J.R. Smith tweets, then deletes, 'Cavs in 7,' claims he was hacked

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Less than 20 minutes after the Cleveland Cavaliers blew a six-point lead with three minutes left and went down 3-0 to the Golden State Warriors in the NBA Finals, it appeared that J.R. Smith pulled out his phone in the Cavs’ locker room and sent a concise, eight-character tweet out to the world that might have been the most J.R. Smith tweet ever:

“Cavs in 7.”

 

The tweet immediately made the rounds, prompting all kinds of hilarious reactions. And — at least for several minutes — it was very real. It was from actual, verified JR Smith, @TheRealJRSmith.

The tweet stayed up for roughly eight minutes. It had over 37,000 retweets and over 29,000 likes. And then … *poof*. It was gone. Deleted.

Smith apparently claims that he was hacked. “I got out of the shower and my phone was buzzing. I did not tweet that,” he told Doug Lesmerises of Cleveland.com. “I’m smarter than that.”

That said, Smith doesn’t necessarily dispute the message in the deleted tweet:


Should we believe Smith’s explanation? Yeah, we’ll give him the benefit of the doubt. The timing of the tweet was always a bit suspect.

On the other hand, there’s a reason that nobody initially had even the slightest second thought that the tweet wasn’t real. That’s because of the history of the person behind the account. This is J.R. Smith we’re talking about, after all. He might be the most irrationally confident player in the NBA. If there were ever a player who would make such a proclamation less than 20 minutes after going down 3-0, it’s Smith. But alas, it appears it was too good to be true.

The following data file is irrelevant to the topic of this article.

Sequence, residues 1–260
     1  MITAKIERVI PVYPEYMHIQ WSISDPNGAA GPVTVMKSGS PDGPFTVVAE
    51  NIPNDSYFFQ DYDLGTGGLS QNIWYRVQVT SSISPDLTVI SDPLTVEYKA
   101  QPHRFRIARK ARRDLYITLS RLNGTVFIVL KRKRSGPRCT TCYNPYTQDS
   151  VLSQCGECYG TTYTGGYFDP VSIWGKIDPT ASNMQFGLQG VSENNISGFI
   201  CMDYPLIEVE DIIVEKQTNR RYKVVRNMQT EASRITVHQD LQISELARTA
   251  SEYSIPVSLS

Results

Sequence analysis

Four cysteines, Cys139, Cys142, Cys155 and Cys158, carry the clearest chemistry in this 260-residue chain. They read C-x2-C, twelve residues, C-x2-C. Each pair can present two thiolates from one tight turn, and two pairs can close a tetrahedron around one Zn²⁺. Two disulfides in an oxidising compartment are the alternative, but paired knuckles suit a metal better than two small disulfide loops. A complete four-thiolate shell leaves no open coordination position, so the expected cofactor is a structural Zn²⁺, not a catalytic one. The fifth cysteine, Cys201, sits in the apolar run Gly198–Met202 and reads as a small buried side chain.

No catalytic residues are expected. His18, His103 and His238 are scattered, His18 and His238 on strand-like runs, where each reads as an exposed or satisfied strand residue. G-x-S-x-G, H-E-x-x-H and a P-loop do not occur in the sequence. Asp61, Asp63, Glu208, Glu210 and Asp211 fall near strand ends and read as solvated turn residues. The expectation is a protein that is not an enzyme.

However … Smith tweeting ‘Cavs in 7,’ then swiftly deleting it, is a pretty good summation of, or metaphor for, these NBA Finals. Cleveland is cooked. Kevin Love was asked about Smith’s tweet after the game, and couldn’t even muster up a Yeah, we think we can come back:

Q: “J.R. tweeted out after the game ‘Cavs in 7.’ How much belief do you guys have in that?”

Love: “We played great. We played really well tonight. We scrapped and felt like everyone gave a great effort. We have to come in and win Game 4.”

Smith and the Cavs can believe in a comeback all they want. But then they’ll walk out on the floor for Game 4, see the greatest team in history on the other side of the court, and realize that any push for a historic comeback is about as futile as can be.

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